Preheat the oven to 400′. In a medium saucepan over high heat, melt 2 teaspoons of butter with vanilla and sugar, add chopped persimmons. Reduce heat and stir for 5-10 minutes until softened. Set aside.

    Combine flour, baking powder and baking soda in a large bowl. Add sugar, salt, and stir together. Cut or shave the butter into dry ingredients. Use a fork or whisk to break up the butter into small chunks throughout the mixture.

    Add the buttermilk, then the persimmons. Mix lightly with a wooden spoon until the dough holds together, adding buttermilk or the reserved persimmon liquid to the dough as needed.

    Dust a piece of parchment paper with flour and turn out the dough. Pat the dough into a rectangle (if making round scones, er, hockey pucks like mine) or into two circles, about 1-2″ thick. Using a round cutter, press out scones and lay on a baking sheet with parchment paper making sure to leave at least 1″ of space between each scone. Sprinkle raw sugar over the tops, generously, and bake for 25-35 minutes until just slightly browned.

    *I think this Maple Nut Cream from Adrienneats, or a Maple Glaze from The Healthy Green Kitchen would make winning toppers to these guys. They’re more on the biscuit end, so a hit of sweet frosting or glaze would really make these a treat.

  3. Leek + Pear + Chanterelle Toasts


    I love rituals. When the week gets crazy, I can count on a few constants to keep my feet on the ground: exercise, packing a lunch, a phone call home, a big hug from Shaun when I walk in the door. Sunday rituals are the most important. For me, rituals are more than routine or repeated habits, they can be activities that help define our values and reestablish a connection to self, loved ones, and the planet at large.

    When we started fostering rescue dogs back in June, we began dedicating Sunday mornings to a long walk from our house down to the harbor. It helped socialize the dogs, but looking back I think it helped us more than our animal friends. On the way I’d pick up a coffee, Shaun would get apple juice and a croissant (or two) at the local café near our house. By the time we reached the water, my coffee was the perfect temperature and the dogs were ready for a rest. We’d sit on the benches in the shade and watch the banana barges from Central America unload shipping crates onto naked big-rig trailers on the dock. Shaun let me express my abhorrence for the free-trade agreements and cheap labor that brought the bananas here in the first place, but we both knew I needed the barges to be faithful on Sundays. Walking to see them was an oddly cathartic process. There was no past, no future. Just the dogs, the coffee, and the bananas.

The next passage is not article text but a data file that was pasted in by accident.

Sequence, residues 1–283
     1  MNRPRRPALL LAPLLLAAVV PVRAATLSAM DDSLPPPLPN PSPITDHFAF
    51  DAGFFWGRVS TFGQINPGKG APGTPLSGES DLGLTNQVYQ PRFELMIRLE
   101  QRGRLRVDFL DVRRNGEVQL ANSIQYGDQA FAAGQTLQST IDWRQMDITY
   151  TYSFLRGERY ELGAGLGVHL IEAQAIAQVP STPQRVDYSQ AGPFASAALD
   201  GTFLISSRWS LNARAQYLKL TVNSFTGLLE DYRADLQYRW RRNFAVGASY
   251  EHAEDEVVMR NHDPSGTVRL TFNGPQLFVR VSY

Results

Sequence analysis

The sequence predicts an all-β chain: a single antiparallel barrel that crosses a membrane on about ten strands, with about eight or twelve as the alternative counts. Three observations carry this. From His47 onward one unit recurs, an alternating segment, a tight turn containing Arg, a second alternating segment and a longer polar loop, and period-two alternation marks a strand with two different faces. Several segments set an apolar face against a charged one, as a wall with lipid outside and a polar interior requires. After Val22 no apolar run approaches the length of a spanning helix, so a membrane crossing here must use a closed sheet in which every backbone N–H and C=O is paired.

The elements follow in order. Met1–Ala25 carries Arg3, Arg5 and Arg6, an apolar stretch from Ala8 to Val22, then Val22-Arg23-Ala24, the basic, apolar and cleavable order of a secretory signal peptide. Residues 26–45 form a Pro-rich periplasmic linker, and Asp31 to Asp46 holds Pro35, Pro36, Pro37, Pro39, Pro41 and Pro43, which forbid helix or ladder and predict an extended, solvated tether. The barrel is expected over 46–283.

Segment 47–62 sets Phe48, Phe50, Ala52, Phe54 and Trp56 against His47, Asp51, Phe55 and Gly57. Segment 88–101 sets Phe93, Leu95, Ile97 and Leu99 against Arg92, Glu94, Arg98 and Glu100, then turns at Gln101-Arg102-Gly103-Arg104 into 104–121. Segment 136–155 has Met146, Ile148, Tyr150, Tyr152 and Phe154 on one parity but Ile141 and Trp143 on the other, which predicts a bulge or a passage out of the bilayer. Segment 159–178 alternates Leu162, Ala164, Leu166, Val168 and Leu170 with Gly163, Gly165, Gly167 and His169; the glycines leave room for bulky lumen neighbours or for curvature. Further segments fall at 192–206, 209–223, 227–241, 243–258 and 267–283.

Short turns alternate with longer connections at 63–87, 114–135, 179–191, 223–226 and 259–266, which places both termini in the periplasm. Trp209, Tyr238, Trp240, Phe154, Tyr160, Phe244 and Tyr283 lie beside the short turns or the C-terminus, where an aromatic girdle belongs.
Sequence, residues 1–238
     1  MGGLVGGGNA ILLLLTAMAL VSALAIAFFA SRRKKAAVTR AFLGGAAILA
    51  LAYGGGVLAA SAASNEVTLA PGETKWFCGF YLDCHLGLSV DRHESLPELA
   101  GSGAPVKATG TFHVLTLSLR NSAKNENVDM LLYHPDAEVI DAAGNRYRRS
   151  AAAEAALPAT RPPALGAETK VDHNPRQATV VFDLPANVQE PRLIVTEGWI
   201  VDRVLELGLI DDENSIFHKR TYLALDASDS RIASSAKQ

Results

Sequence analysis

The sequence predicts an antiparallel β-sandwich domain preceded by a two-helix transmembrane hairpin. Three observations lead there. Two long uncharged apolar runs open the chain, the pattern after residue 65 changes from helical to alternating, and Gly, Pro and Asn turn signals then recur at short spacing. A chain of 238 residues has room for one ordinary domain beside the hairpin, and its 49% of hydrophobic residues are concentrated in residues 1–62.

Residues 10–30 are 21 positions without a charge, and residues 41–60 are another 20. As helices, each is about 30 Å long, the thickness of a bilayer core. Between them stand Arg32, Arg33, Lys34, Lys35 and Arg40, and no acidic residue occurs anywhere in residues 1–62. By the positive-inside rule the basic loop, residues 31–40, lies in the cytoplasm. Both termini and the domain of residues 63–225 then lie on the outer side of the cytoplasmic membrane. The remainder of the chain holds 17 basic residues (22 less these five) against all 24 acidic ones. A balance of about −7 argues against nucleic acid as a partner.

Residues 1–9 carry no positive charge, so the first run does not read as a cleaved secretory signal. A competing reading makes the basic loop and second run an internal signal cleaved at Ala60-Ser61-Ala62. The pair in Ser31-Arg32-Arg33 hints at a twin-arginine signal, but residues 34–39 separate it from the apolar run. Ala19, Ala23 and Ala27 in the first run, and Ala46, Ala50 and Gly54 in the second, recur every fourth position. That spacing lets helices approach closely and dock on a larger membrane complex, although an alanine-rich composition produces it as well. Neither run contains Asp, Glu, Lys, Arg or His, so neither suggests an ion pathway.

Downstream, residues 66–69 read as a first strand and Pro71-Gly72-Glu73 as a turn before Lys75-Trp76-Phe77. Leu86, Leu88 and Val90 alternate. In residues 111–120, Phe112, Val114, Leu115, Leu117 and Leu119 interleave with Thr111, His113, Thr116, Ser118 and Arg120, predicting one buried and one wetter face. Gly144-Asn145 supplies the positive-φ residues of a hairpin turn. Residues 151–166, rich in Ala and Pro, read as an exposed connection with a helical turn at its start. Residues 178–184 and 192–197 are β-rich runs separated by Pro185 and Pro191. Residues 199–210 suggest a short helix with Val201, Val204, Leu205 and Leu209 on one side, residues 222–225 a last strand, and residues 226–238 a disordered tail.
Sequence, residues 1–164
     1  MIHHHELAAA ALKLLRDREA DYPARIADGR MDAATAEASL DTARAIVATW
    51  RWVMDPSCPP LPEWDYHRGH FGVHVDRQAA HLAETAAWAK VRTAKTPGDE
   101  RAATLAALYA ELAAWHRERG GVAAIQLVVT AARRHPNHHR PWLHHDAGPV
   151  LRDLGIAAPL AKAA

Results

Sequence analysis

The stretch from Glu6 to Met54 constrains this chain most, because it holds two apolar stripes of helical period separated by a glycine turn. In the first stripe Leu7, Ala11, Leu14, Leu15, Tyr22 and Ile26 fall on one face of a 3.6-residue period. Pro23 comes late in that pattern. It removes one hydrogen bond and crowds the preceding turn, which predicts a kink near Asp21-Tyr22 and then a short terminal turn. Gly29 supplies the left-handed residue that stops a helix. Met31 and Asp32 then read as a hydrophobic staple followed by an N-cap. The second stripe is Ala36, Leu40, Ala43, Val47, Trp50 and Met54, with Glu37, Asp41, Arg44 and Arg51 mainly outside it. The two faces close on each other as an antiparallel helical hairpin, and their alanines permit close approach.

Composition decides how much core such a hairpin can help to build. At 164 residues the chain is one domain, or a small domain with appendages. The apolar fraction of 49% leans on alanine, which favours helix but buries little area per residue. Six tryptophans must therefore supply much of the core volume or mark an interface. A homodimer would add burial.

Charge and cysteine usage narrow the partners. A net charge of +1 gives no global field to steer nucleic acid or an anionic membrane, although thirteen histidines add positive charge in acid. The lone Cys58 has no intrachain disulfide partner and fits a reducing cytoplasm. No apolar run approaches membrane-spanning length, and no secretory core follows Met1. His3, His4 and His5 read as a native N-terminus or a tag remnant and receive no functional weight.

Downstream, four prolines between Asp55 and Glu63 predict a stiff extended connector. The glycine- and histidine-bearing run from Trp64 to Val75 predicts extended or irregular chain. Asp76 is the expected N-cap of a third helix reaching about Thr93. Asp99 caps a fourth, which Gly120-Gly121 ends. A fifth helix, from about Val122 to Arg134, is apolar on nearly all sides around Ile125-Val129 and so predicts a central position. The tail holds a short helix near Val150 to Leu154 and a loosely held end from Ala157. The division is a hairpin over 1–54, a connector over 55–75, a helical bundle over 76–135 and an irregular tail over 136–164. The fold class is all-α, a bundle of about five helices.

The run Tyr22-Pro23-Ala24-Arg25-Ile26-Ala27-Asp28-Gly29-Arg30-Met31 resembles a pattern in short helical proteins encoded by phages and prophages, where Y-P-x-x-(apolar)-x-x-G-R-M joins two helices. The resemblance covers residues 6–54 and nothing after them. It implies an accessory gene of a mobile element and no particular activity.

It’s been almost a month since we’ve had a quiet Sunday morning to walk to the harbor and I’ve found myself searching for something constant that can replace or substitute for those few certain, perfect, hours. Time slips like sand through my fingers, as of late. This weekend we traveled north to visit my parents where Shaun filmed a bit for my mom’s nonprofit, Wellness Within. Chilly walks, Jon Stewart re-runs, thoughtful conversation, and waking up in my old bedroom to the sound of rain falling on the skylight was ritual enough to keep me in step for a while.

    After a day in transit, no one really wants to work that hard in the kitchen. These simple, luscious toasts are the “welcome back” we needed today. As much as I love kale, it really can’t say “I love you” like these can. (wink).

    Leek, Pear, and Chanterelle Toasts

    • 4-6 thick slices country levain bread
    • 4-5 cups sliced leeks (whites + just a touch of green)
    • 1 comice pear, diced with skins on
    • 1 small cipollini onion, minced
    • 4-5 tbsp (good) olive oil
    • 1/4 cup white wine
    • salt + pepper to taste
    • goat cheese to spread
    Turn on this playlist. Bring a saucepan pan with a few lugs of olive oil to  medium heat and add leeks, stirring to coat and wilt for 3-5 minutes. Add finely diced pears, stir in the white wine, sprinkle with salt and pepper, and let simmer for about 5 minutes. Reduce heat to very low. In a second, smaller pan, mix finely sliced chanterelles and the cipollini with another lug of olive oil. Put on heat, and let simmer and reduce for 5-10 minutes. Slice bread, and throw under the broiler of your oven for just a few minutes until the edges crisp up.
    Smear some goat cheese on the toasts, then pile with the leek mixture, then top with chanterelles and juices. Don’t take yourself so seriously, eat with your hands and let it get messy on the plate. Enjoy.